Forgive Mark Strong if he’s experiencing a bit of déjà vu. With the premiere of his new AMC series, Low Winter Sun, premiering August 11, the actor—you probably recognize him from countless bad-guy roles—is reprising a role he last played in 2006. Well, sort of.
In the new Low Winter Sun, Strong still plays a cop named Frank Agnew who’s tied up in the disappearance of a seemingly crooked colleague, however this time the action takes place in Detroit, not Edinburgh, and the show—written by Criminal Minds vet Chris Mundy—stretches out over an entire season, not a two-part series.
We got on the phone with Strong just after a recent Television Critics Association panel to find out living in Detroit, making violent TV and the worst thing he’s ever done at work.
Hi! How are you?
I’m very good. Thanks very much. Where are you?
I’m in New York City. You’re in California, right?
Yes! I’m in Los Angeles.
How’s that treating you?
It’s good. I love L.A. for a couple of weeks.
That’s pretty generous.
Yeah, just a few weeks and you feel like you’re still on holiday. I love driving around and living the dream, but then after a couple of weeks I just want to go home.
Speaking of odd places to spend time, you’ve been in Detroit for a while.
I have to say—I know it’s probably unfashionable, and it might sound bizarre—but I love Detroit. It’s much more complicated and interesting than people might think.
If it’s a new environment, at least the story is somewhat familiar, right?
That’s right! We shot [the original Low Winter Sun] it in Edinburgh, Scotland. I think the dark nature of the material was something that AMC responded to. Obviously people’s taste in television has shifted slightly toward the dark side. Especially with the advent of Scandinavian shows and network shows like Hannibal—which I can’t imagine on networks even 10 years ago—or the one with Kevin Bacon.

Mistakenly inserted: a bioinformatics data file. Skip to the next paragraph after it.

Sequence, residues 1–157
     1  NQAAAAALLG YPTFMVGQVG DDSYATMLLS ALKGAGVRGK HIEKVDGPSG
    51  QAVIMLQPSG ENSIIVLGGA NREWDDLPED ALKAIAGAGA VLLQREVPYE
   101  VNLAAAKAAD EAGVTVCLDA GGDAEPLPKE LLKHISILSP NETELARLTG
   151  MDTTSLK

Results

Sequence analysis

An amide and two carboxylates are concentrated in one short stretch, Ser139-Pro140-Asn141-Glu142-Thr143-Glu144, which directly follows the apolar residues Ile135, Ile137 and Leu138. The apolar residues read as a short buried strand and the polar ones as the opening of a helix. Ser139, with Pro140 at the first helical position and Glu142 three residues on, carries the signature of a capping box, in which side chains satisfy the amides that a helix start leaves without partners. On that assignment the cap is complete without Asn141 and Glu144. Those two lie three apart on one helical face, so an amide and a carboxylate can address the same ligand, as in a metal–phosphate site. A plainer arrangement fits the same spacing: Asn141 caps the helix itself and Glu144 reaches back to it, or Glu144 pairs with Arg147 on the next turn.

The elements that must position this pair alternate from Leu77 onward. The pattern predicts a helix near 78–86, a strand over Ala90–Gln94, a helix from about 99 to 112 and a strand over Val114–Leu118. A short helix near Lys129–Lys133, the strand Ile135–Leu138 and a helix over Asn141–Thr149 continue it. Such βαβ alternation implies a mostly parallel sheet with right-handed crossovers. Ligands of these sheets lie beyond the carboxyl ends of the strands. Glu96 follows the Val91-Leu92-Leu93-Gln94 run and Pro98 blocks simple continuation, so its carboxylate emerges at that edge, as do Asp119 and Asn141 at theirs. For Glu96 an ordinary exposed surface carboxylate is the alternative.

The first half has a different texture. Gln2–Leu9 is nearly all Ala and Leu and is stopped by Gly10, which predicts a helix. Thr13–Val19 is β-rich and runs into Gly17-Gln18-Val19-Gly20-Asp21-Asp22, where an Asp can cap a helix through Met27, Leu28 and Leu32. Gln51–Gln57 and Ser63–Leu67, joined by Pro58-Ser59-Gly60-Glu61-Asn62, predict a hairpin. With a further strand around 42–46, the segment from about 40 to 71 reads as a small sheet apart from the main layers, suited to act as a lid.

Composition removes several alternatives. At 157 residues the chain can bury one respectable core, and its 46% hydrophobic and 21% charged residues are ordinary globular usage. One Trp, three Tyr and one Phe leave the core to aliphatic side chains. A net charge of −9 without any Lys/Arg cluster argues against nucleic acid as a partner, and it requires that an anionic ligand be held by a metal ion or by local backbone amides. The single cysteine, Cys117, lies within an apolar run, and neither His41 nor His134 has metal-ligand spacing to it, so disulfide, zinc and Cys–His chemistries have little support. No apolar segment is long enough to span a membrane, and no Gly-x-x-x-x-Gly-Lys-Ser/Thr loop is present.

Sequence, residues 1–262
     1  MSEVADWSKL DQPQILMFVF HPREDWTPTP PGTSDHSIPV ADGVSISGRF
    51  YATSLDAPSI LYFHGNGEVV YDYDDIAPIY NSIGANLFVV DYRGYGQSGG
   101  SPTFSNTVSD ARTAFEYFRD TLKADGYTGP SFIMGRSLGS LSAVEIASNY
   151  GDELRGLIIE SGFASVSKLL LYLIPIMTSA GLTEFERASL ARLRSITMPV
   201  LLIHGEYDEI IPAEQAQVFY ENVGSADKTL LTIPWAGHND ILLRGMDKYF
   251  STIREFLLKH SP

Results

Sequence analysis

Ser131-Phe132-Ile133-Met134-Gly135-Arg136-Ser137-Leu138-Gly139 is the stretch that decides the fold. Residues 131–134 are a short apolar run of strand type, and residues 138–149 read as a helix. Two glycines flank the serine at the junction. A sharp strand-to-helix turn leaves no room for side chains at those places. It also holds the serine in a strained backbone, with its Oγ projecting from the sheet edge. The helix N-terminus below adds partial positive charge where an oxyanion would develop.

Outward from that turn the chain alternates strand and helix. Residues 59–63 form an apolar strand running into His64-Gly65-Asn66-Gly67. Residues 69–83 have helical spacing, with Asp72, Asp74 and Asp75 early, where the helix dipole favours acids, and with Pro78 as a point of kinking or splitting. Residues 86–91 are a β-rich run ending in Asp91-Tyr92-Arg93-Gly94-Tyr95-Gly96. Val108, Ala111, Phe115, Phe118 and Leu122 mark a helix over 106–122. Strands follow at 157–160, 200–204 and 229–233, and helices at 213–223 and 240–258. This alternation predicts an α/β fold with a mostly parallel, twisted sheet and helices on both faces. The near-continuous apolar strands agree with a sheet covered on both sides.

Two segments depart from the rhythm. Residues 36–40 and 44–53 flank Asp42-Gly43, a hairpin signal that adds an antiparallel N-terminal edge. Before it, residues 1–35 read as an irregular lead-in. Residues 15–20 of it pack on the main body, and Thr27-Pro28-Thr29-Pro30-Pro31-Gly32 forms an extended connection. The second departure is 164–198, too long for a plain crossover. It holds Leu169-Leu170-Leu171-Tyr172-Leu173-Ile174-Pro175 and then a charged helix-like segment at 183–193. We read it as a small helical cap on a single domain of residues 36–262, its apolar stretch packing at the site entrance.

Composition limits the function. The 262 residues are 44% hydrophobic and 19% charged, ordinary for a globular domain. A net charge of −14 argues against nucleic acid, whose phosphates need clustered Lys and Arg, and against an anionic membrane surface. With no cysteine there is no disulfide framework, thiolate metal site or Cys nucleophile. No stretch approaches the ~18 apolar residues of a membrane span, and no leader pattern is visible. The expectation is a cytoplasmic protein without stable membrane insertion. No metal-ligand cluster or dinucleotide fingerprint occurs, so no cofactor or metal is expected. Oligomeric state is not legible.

The Following! It’s a network show, you know? I can’t imagine they’d have a show about serial killers a while ago. Everyone’s taste has slightly shifted and I think that’s what AMC saw in the original version.
What’s it like revisiting material that you’ve been separated from for five years?
It’s great because you never normally get the opportunity to do that. I wanted to reopen the character and take him on a longer journey.
Is there anything you’re getting a chance to do this time that you wish you’d been able to do the first time?
Just take him further. I would say mostly that the first two or three episodes of the U.S. version cover the original. By the time we get to episode four, that’s when the U.S. version really kicks and we take off in a different direction. That’s the bit I’m enjoying.
The big crime in this story happens right away. You’re not waiting to see how it plays out. The real suspense is to see how these people all deal with it.
Exactly right. It’s not a who-done-it. You know who did it and how they did it within the first 10 minutes. From then on what you’re watching is how they deal with the psychological fall out. It’s a bit like Greek tragedy.
How does a network like AMC play into this? Sure different than working with network TV.
I think what they’ve demonstrated is that they have good taste and they’ve got their finger on the pulse of what audiences want and like. The people—the tastemakers of AMC—decided that our show is what people will respond to and it’s interesting that they’re going to put us on after Breaking Bad. It really feels like a passing on of the baton. And I think their thinking is that the people who enjoy Breaking Bad will respond to our show.
It’s got some similar darkness to it, and there’s the drug use.
I think it’s the idea that you’re challenging the characters every week and seeing how they respond. For an audience, that is something that’s fascinating to watch.
Now, considering that your character is involved with the offing of a colleague from the get-go, I have to ask: What’s the worst thing that you’ve ever done to a co-worker?
The worst thing I’ve ever done to a co-worker? Oh my God! Well, I’ve certainly never killed anybody. I can say that with complete comfort. I usually help people out rather than turn them over, to be honest.
There’s still time.
Perhaps this show will have an effect on me.